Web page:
DOI: 10.1177/0032329208329755Save Citation »Export Citation »

    Explores why there may variation in wartime sexual violence. The author explores the absence of sexual violence on the part of the secessionist Liberation Tigers of Tamil Eelam of Sri Lanka.

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Sexual Violence in Context

A number of studies have provided a more micro level analysis of sexual violence in specific contexts. Leiby 2009 finds that, in Peru and Guatemala, state armed forces were the main perpetrators of wartime sexual violence. Denov 2006 looks specifically at the case of Sierra Leone to assess how sexual violence fits in the human security paradigm. Moreover, Baines 2014, Marks 2013, and Marks 2014 assess the motivations of group elites to construct the sexual rules of their members as a means to further their objectives, with specific applications to the Lord’s Resistance Army and the Revolutionary United Front (RUF). Autesserre 2012 specifically analyzes the narrative of sexual abuse among women and girls in the Democratic Republic of the Congo (DRC).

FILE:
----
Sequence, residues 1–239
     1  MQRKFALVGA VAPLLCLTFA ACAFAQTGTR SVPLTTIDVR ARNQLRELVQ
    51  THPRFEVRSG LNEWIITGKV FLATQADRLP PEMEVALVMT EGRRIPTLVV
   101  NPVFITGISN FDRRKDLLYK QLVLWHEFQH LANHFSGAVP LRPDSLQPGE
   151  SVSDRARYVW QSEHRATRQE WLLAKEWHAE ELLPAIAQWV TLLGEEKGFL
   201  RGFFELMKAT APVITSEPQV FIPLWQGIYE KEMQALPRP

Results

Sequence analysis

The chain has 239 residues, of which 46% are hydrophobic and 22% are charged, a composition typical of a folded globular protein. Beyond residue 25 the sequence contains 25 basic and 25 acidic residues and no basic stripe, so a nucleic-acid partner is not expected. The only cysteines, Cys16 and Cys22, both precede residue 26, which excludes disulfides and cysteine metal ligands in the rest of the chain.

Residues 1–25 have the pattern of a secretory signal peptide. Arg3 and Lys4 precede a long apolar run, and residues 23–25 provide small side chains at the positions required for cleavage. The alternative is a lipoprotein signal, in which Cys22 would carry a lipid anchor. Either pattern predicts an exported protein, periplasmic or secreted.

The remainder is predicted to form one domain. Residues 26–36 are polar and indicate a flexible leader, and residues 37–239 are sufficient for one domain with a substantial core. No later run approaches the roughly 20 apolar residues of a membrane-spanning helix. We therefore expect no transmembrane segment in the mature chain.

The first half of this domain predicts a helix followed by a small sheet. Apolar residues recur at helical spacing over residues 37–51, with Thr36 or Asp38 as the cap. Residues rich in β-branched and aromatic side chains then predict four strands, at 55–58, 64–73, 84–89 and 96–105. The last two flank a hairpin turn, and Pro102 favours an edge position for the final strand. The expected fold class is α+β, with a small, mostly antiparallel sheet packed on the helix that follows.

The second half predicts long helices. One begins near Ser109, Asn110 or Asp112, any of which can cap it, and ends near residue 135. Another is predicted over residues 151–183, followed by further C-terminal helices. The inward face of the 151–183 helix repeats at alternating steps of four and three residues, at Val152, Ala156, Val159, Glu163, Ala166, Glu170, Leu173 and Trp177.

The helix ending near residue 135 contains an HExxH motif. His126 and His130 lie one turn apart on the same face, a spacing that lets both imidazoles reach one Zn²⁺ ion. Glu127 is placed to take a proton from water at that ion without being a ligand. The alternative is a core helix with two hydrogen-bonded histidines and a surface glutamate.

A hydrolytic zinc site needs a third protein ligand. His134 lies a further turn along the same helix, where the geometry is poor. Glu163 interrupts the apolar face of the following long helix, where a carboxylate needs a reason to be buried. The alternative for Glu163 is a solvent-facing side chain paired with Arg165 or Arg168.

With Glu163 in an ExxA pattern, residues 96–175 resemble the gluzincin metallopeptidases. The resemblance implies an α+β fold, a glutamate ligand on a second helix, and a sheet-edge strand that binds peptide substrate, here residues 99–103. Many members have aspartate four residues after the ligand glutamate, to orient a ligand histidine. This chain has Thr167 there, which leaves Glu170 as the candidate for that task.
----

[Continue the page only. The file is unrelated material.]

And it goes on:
• Autesserre, Séverine. “Dangerous Tales: Dominant Narratives on the Congo and Their Unintended Consequences.” African Affairs 111.443 (2012): 202–222.

    DOI: 10.1093/afraf/adr080Save Citation »Export Citation »

    Analyzes and critiques the narrative used to explain the sexual abuse of women and girls in the DRC.

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  • Baines, Erin. “Forced Marriage as a Political Project: Sexual Rules and Relations in the Lord’s Resistance Army.” Journal of Peace Research 51.3 (2014): 405–417.

    DOI: 10.1177/0022343313519666Save Citation »Export Citation »

    Assesses how the Lord’s Resistance Army has constructed the sexual rules among its members as a way to further its political aspirations.

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  • Denov, Myriam S. “Wartime Sexual Violence: Assessing a Human Security Response to War-Affected Girls in Sierra Leone.” Security Dialogue 37.3 (2006): 319–342.

    DOI: 10.1177/0967010606069178Save Citation »Export Citation »